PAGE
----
Forgetting May Improve Brain’s Ability to Make Decisions

One of the greatest worries older adults harbor is that they will start to lose their marbles with age and gradually the person they once were will be a fading memory.  And those “senior moments” when you can’t remember where you parked the car or the name of your high school prom date can cause concern among even the healthiest of oldish people.

But finally there is good news and scientific evidence to dispel concerns grown children may start expressing about mom or dad’s less than reliable memory.  Forgetting some things in older age can be a sign that the brain, filled with years and years of information, has become extremely efficient at discarding extraneous data.

According to recent research from the University of Toronto, published in the journal Neuron, healthy, intelligent adults use memory to inform decision making and more trivial details are commonly forgotten, allowing more useful information to be stored.

Researchers suggest that forgetting irrelevant information or small details is important to help the brain focus on important memories that will help improve decision making.   This is great news for middle aged or older adults who are getting flack from their grown children about forgetting where they put their glasses, again.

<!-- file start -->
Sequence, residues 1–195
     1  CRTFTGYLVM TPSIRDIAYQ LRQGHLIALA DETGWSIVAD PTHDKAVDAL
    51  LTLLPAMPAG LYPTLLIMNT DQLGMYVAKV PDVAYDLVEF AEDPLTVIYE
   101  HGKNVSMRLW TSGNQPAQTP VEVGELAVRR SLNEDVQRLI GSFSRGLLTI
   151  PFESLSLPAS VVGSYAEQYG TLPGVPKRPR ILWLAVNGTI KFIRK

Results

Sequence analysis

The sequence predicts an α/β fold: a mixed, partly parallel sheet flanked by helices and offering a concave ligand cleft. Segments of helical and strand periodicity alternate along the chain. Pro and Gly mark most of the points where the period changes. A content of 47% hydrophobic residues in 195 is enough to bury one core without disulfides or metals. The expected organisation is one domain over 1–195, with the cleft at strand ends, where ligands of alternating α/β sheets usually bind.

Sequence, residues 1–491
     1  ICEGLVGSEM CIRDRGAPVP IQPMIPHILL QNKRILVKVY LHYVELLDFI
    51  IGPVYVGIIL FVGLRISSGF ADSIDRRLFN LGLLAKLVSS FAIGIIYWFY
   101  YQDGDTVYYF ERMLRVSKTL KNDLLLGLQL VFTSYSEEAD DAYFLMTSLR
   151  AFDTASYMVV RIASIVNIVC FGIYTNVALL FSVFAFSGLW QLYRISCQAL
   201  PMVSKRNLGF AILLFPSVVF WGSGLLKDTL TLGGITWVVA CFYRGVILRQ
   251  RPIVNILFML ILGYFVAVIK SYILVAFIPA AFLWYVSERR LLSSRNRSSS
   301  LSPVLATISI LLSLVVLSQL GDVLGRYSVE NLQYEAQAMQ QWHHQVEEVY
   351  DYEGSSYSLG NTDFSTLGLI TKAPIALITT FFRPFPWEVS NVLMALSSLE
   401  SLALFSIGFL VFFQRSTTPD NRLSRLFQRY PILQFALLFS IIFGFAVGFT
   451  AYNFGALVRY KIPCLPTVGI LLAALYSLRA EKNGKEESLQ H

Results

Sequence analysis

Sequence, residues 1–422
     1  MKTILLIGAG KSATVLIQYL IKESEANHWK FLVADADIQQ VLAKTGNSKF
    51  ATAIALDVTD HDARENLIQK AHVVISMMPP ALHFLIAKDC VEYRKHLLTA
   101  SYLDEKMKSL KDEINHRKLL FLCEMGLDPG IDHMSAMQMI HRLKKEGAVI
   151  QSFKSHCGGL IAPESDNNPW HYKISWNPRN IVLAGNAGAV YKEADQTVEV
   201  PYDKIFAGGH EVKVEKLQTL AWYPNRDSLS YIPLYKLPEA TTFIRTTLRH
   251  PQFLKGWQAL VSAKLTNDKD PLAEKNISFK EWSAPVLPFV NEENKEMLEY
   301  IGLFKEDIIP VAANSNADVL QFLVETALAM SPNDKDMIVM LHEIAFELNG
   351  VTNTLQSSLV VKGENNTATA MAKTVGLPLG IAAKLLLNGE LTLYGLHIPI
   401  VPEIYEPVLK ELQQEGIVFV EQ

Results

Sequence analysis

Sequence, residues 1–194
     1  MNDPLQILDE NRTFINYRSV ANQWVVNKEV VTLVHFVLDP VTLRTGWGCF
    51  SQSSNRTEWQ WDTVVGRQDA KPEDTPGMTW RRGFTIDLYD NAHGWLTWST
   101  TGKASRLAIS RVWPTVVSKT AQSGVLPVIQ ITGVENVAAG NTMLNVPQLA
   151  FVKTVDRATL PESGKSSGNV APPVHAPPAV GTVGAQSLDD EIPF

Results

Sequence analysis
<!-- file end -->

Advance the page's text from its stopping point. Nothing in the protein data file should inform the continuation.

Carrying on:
In other related studies, researchers observed new neuron growth the hippocampus, the part of the brain associated with memory, which appears to promote forgetting.  The brain seems to work as hard at forgetting as it does at remembering.  And as the world around us changes, more rapidly all the time, the brain must become better at prioritizing the information it stores for future reference.  This may be why adults have very few memories from before the age of four;  new, more useful information has taken it’s place.

So before giving grandma a hard time about forgetting where she put the grocery list, keep in mind that her brain is busying doing it’s job and making executive decisions about what information will best serve her in the present.

To read more about this memory research from U of T visit the school’s website here.